For the most part, however, this is still the same game it used to be, which is a mixed blessing. While Perfect Dark once seemed to have come from the future, it's now clearly a relic of the past. Like an archaeologist drilling into the earth, replaying Rare's classic will give you a few insights into how FPS games have changed over the years.
Signposting is perhaps the biggest thing I noticed. Games are now so much better at telling you where you should go next and what you should do when you get there. If you miss the sense of exploration and experimentation that a lot of the classics possessed just because their layouts were a bit confusing, this is the game for you.
Branching mission objectives, some of which are removed for the game's easier settings, means that plenty of rooms may have no obvious purpose depending on what difficulty you're playing on; even without that, Perfect Dark's not afraid to throw dead ends at you seemingly for the hell of it, or repeat textures so much in its huge maps that you can get a little dizzy.
DataDyne's own offices are particularly bad at this, featuring dozens of really quite similar rooms where security guards sit behind desks, tapping away at computers (still holding their guns, naturally), and the only way to tell whether you're retracing your steps or not is if there's blood on the walls. Modern games have made us stupid and impatient. Me, anyway.
Then there's aim assist. It was necessary for the N64, certainly, but can take a little getting used to on a 360 pad, particularly if you play the game on easy, where the tug from one target to the next is almost comically powerful. Gone on the harder settings, it's customisable, however - as with the original game, almost everything is - and on top of that, you can choose between a range of different control mappings, some based around Halo and Call of Duty 4 standards.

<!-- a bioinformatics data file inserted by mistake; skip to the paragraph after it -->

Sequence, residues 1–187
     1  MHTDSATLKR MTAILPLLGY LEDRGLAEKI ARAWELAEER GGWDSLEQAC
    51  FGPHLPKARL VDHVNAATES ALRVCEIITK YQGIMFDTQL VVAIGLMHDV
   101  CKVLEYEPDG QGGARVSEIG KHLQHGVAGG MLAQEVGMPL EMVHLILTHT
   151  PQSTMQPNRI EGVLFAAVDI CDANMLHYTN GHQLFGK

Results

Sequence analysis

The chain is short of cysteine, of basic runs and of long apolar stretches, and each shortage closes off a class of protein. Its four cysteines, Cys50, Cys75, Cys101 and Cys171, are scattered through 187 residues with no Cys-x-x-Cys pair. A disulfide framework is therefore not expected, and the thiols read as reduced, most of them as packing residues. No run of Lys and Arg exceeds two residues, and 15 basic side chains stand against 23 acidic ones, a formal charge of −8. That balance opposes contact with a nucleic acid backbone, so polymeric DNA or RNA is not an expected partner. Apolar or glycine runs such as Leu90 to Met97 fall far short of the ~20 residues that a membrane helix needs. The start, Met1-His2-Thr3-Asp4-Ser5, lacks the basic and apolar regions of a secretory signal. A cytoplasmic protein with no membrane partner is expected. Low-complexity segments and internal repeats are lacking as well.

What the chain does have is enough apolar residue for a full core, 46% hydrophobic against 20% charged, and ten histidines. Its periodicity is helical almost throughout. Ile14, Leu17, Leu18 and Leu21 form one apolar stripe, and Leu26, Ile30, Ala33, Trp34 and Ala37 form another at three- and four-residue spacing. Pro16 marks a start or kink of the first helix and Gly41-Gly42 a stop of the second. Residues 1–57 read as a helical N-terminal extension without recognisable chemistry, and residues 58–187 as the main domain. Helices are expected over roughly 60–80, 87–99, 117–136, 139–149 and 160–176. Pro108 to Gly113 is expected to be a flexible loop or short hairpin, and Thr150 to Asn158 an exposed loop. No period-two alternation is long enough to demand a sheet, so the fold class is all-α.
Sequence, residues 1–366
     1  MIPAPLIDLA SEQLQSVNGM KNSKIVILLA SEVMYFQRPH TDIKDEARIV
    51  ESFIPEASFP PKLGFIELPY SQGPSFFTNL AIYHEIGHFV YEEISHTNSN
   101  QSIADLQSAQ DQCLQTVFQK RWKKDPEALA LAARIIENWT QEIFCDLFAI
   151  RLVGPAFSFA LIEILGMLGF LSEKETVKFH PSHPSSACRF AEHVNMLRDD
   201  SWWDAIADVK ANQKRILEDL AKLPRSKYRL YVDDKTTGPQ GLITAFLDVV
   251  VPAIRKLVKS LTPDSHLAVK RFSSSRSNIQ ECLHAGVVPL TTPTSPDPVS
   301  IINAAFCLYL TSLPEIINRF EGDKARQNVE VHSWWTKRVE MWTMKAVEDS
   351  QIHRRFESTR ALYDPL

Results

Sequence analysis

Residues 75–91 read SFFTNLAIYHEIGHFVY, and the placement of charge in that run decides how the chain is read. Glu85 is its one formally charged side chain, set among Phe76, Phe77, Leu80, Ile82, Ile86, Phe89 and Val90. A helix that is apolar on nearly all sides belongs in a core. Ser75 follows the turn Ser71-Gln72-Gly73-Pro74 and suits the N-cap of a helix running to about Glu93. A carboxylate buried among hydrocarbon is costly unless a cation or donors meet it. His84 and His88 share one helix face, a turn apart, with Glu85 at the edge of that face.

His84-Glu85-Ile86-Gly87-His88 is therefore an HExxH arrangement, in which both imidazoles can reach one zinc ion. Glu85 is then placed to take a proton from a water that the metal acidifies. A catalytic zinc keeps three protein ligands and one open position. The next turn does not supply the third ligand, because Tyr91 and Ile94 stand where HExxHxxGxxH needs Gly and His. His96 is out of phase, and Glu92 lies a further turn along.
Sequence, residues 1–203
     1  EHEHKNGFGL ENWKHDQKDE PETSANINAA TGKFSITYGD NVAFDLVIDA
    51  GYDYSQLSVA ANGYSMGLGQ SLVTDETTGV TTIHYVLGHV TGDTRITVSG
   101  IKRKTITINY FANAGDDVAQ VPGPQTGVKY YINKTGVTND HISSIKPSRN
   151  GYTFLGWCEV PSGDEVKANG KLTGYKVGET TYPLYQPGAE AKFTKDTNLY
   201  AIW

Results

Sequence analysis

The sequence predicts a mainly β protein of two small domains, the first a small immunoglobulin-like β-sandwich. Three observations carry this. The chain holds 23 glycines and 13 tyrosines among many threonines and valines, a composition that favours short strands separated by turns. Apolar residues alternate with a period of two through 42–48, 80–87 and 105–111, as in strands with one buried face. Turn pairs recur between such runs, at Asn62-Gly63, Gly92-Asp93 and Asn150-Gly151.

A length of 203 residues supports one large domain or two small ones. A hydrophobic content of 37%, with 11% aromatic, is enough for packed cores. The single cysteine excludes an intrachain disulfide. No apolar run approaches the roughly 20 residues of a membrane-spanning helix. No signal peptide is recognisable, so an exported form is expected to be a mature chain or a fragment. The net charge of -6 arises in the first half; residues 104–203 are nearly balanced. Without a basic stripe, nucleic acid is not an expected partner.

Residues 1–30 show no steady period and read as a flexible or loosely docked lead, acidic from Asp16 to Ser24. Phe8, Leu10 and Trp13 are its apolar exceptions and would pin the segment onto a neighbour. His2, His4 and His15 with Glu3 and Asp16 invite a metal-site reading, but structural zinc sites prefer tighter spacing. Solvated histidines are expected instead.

When you turn to multiplayer, you may realise that doors have been a casualty of virtual wars in the past few years, as online games move towards more open maps, and leave behind a world of endless corridors. Perfect Dark's still filled with doors - some of its arenas, particularly those based on the Carrington building, are practically door museums - and they add a not altogether welcome element of fiddliness to proceedings.
But multiplayer also reveals just how much of Perfect Dark hasn't passed its sell-by date: these battlefields are still devious and riddled with tactical options, the weapons are still brilliant fun to use, and Counter-Op, in which one player takes the role of Joanna while a second becomes all of the enemies, one by one, still feels ahead of its time even now.
With eight-player online games and four-player local split-screen (with each screen fully customisable), and with bot support, two-player co-op, and all the original game's modes available, it's a reminder of just how much content games used to come packed with - and that's before you take into account the fact that the single-player campaign has 17 missions, and most of them are pretty expansive.
Boasting gadgets and set-pieces that the more recent update struggled to improve upon, and multiplayer maps you probably wore ruts into the best part of a decade ago, this is an enviable chunk of nostalgia. Zero may have proved that it's hard to create a fitting sequel to a classic, but to see the original Perfect Dark slotting into place so well on XBLA is enough to suggest that, just sometimes, restoration might be a better solution than reinvention.